Security information and event management (SIEM) is a major priority for large companies. It’s a reporting process that provides a holistic view of the health of an organization’s IT security as well as important details for various kinds of compliance regulations, including GLBA, PCI, FISMA, HIPAA, and more.
But while SIEM helps your organization by logging all events, defining and documenting threats, and tracking length of events and tickets, the requirements associated with this data change for each kind of compliance a company is trying to achieve. And just because your company is concerned with one kind of compliance now doesn’t mean you won’t need to switch gears to meet another set of standards later.
Today you’re worried about SOX compliance, but tomorrow it might be something else. The most efficient way to make sure your SIEM system is valuable beyond this year’s compliance requirements is to build it while planning for future compliance needs. Here are three ways to do so:
- Build around SIEM limitations
As we have previously shared, SIEM is helpful solution for enterprise security. However, it has certain limitations that can render it inefficient if you don’t make further investments in technology and personnel. Overcome these limitations by using SIEM as a starting point and integrating it with a data management solution that brings more context to the results. With a better grasp of the meaning of the data you collect, you’ll be more prepared for compliance situations that arise in the next 5 to 10 years.
- Augment your SIEM with IT auditing solution
Many IT pros find that SIEM solutions include auditing gaps where data is missing in the targeted system’s audit data. Integrating SIEM with IT auditing soluition for successful event log monitoring and reporting can add to or replace your SIEM with features that make it easy to find relevant answers to your question about events within your network. This means that no matter what type of compliance you are focused on this year, you will still collect and organize the data you need for a different kind of compliance later on.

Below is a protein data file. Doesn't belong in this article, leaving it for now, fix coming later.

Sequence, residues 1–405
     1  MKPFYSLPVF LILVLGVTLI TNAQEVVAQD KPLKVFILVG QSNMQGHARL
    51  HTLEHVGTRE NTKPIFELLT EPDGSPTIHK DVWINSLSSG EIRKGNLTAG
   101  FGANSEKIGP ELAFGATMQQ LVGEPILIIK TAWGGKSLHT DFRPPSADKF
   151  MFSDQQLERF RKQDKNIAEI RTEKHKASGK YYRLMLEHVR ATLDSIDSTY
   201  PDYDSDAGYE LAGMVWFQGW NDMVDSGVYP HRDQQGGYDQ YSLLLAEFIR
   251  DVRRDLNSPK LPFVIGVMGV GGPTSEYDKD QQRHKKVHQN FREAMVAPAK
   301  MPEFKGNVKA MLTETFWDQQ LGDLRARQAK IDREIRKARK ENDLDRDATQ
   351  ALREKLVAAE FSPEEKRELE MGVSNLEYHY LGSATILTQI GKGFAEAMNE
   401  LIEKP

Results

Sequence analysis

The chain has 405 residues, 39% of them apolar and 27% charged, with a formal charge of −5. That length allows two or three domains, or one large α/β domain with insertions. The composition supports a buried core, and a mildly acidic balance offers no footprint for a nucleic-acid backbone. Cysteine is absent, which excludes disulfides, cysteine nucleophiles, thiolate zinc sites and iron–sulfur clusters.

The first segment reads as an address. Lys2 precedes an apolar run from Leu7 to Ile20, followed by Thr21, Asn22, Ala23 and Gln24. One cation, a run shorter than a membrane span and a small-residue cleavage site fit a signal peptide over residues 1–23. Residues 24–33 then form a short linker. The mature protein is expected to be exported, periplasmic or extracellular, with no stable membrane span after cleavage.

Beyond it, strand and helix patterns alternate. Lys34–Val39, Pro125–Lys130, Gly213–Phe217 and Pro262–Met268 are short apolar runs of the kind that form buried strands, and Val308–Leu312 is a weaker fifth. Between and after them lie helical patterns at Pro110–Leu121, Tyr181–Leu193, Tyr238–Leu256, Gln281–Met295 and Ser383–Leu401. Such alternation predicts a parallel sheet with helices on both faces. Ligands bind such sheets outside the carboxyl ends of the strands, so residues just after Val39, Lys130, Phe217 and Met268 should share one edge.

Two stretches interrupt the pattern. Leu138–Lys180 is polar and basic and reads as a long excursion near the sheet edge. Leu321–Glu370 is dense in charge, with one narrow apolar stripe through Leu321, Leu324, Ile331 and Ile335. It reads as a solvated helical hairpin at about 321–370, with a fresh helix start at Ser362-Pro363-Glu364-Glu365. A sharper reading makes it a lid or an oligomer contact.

- Focus on security first and compliance second
Compliance exists to give companies official standards for security best practices. Focusing too much on compliance without regard to whether or not it actually affects your security status puts the cart before the horse and misses the point. And when 3 in 4 IT professionals report that SIEM solutions don’t reduce security incidents, it’s a sure sign that something is missing from their approach.
Planning for change is a constant in the field of technology, and planning for compliance is no different. That’s why the most effective IT departments are planning their SIEM solutions with future compliance in mind. For your company, compliance may be an ever-expanding moving target. Instead of focusing solely on specific kinds of compliance, keep in mind that an effective SIEM system is one that can be flexible according to your needs.